TracerHandVEVO (Tracer Hand), Friday, 14 October 2011 11:54 (seven years ago) Permalink

i spend fifteen years in therapy and a dude on the internet nails it in one sentence

shite pele (darraghmac), Friday, 14 October 2011 12:01 (seven years ago) Permalink

while seeming to be in despair at being stuck on an island with all this plain ppl nonsense (yet never making an effort to get away.)

He couldn't get away. He was doing pretty well for himself as a young man in the civil service, but suddenly had to support a family of 12. His brother says doing that was his greatest work.

Despair at being stuck, yes. Reading his biography killed a lot of the funniness for me.

alimosina, Friday, 14 October 2011 14:57 (seven years ago) Permalink

one year passes...

is jem casey's much-admired hackery for the working man not close to sean o`casey?

bob_sleigher (darraghmac), Tuesday, 28 May 2013 22:03 (five years ago) Permalink

one month passes...

Yes, I think that's the most direct inspiration for the character.

the pinefox, Sunday, 30 June 2013 15:42 (five years ago) Permalink

ty pf!

dj hollingsworth vs dj perry (darraghmac), Sunday, 30 June 2013 20:28 (five years ago) Permalink

three weeks pass...

Might read this again, slower

mundane peaceable username (darraghmac), Monday, 22 July 2013 12:00 (five years ago) Permalink

What, this thread? It's worth it.

Tommy McTommy (Tom D.), Monday, 22 July 2013 12:01 (five years ago) Permalink

ASTB

Just re-read the thread, and the others on FOB and STB

Im assuming the f. mcewe post was pinefox. genius.

mundane peaceable username (darraghmac), Monday, 22 July 2013 12:11 (five years ago) Permalink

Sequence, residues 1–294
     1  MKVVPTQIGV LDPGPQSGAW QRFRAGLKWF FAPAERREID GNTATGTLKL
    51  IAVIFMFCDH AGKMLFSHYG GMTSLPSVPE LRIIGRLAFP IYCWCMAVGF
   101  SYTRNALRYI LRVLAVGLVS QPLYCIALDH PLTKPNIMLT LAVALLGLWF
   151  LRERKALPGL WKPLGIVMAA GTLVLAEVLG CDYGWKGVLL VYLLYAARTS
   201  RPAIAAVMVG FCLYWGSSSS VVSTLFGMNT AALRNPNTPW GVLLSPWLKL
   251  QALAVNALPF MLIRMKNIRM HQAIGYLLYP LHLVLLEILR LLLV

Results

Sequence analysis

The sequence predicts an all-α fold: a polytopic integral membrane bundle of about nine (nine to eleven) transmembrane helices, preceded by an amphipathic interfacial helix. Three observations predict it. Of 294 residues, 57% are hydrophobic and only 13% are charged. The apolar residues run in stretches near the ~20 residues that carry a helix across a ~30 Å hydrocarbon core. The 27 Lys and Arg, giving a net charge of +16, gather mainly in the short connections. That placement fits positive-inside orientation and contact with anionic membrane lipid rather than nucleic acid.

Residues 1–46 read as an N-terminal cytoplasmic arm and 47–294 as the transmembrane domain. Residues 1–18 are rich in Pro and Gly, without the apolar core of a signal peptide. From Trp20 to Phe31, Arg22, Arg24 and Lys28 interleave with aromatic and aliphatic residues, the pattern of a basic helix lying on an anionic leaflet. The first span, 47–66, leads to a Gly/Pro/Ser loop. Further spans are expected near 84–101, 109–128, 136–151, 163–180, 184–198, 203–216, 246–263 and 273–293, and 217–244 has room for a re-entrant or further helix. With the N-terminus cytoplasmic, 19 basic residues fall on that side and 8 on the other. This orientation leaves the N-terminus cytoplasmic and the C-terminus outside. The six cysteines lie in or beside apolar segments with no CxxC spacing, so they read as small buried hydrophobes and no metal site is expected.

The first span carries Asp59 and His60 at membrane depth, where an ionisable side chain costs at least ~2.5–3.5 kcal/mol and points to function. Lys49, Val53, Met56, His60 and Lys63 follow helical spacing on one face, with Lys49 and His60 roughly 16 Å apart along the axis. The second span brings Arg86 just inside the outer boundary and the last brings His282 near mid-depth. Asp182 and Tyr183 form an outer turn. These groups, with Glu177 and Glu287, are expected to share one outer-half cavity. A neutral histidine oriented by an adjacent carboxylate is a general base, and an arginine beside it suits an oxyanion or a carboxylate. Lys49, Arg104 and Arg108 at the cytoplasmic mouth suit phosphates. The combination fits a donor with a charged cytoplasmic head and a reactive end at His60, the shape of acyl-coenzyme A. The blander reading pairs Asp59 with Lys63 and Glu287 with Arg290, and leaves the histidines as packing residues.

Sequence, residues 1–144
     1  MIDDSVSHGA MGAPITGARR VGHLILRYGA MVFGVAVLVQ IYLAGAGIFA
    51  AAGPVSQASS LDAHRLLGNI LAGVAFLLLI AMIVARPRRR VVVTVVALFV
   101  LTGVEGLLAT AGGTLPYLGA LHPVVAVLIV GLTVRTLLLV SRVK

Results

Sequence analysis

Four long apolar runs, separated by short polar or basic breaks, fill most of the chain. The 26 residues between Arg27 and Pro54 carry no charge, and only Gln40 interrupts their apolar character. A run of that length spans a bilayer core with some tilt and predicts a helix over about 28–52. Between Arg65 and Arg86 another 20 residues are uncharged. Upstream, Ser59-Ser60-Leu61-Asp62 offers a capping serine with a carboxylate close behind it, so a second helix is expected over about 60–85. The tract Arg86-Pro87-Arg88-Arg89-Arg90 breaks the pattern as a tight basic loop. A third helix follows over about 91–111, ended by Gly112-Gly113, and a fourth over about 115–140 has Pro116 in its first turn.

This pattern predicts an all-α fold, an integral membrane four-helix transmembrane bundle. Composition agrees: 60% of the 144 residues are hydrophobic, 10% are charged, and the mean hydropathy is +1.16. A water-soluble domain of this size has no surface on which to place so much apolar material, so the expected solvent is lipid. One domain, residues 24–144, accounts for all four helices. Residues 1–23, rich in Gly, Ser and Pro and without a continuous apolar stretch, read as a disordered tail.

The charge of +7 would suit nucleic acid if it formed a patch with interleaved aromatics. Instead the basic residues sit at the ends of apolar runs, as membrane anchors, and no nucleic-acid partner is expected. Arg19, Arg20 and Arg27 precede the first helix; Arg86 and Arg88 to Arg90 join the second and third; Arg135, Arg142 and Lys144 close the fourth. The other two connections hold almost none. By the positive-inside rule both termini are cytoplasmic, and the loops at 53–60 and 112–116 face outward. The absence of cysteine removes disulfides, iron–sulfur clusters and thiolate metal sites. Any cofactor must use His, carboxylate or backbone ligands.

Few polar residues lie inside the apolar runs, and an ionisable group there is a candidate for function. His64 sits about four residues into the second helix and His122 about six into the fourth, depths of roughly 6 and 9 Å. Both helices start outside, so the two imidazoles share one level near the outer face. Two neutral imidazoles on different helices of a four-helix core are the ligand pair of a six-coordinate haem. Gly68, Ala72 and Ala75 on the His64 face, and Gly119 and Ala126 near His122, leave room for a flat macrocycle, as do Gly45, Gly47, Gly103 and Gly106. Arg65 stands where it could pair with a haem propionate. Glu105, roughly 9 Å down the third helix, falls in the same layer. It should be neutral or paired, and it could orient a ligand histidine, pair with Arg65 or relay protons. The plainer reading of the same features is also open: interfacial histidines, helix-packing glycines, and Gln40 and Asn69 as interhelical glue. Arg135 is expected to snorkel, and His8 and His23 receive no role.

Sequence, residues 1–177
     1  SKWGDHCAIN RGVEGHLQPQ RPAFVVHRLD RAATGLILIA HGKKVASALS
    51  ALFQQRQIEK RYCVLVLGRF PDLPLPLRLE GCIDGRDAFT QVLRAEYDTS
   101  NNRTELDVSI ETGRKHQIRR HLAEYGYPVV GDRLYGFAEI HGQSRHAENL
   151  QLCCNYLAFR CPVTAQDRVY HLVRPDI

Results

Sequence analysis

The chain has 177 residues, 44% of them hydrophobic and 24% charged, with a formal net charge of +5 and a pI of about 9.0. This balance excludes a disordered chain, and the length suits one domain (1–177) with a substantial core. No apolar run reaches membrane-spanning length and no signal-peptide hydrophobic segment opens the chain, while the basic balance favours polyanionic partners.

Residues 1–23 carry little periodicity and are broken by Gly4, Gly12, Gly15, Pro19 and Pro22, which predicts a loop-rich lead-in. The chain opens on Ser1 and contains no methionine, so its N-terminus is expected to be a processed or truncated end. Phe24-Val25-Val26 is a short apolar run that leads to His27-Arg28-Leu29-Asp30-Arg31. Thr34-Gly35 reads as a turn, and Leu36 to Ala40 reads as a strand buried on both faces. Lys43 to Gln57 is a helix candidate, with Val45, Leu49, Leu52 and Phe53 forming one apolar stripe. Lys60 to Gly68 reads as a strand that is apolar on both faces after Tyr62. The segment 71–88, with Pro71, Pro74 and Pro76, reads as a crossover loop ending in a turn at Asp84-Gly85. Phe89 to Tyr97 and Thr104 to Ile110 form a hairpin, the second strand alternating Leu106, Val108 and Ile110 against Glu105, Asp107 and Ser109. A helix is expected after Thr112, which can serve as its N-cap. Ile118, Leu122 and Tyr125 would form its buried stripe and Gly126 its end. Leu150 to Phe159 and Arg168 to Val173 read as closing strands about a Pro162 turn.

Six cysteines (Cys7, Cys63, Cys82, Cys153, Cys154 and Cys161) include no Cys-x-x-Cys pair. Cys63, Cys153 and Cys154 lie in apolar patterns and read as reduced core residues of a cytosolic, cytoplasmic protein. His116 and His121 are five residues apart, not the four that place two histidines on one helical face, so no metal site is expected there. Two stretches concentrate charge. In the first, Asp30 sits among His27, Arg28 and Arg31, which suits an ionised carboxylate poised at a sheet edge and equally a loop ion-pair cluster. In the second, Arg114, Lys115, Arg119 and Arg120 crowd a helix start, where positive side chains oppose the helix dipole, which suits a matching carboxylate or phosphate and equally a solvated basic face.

Man, I don't even think I have a copy of ASTB anymore

Tommy McTommy (Tom D.), Monday, 22 July 2013 12:15 (five years ago) Permalink

I left my copy open and they all got out

mundane peaceable username (darraghmac), Monday, 22 July 2013 12:36 (five years ago) Permalink

:D

flamboyant goon tie included, Monday, 22 July 2013 14:21 (five years ago) Permalink

at swim two big bottomed birds all over the newsie wewsies

― nakhchivan, Sunday, October 9, 2011 5:46 PM (1 year ago) Bookmark Flag Post Permalink

puff puff post (uh oh I'm having a fantasy), Monday, 22 July 2013 15:35 (five years ago) Permalink

Today of all days

mundane peaceable username (darraghmac), Monday, 22 July 2013 15:44 (five years ago) Permalink

ever read this book, darragh? its quite flann-esque

http://upload.wikimedia.org/wikipedia/en/c/c7/SombreroFallout.jpg

Old Boy In Network (Michael B), Monday, 22 July 2013 21:51 (five years ago) Permalink

no but more than happy with recs ta

mundane peaceable username (darraghmac), Monday, 22 July 2013 21:51 (five years ago) Permalink

The most unexpected book to remind me of the 3rd policeman was the cyberiad by lem. Could they have been aware of each other?

brodie positivity!! (wins), Monday, 22 July 2013 22:06 (five years ago) Permalink

one year passes...

I'm only about 20 pgs into ASTB, but is the wordiness (in the "always use a big word when a smaller one would do" sense) supposed to be a parody of how a wise-ass college student would write?
― Jordan (Jordan), Thursday, 7 September 2006 12:47 (7 years ago) Bookmark Flag Post Permalink

Amongst other things, yeah. Also a certain Irish addiction to gigantism (also mocked in the "Cyclops" chapter of Ulysses) akin to the "everything's big in Texas" mentality. And folk tale exaggeration in general.
― Why does my IQ changes? (noodle vague), Thursday, 7 September 2006 14:17 (7 years ago) Bookmark Flag Post Permalink

reading again, astb and thread, and I came to note that Finns opening maundering on music that is good to ear is surely a play at Austin Clarke, and while reading the above I was p struck (nagging at me as it was anyway, having just read it) that the gigantism, the repetitions of metaphor/comparison points in the first Finn section are very likely direct plays at the similarly bounded earthiness of the source material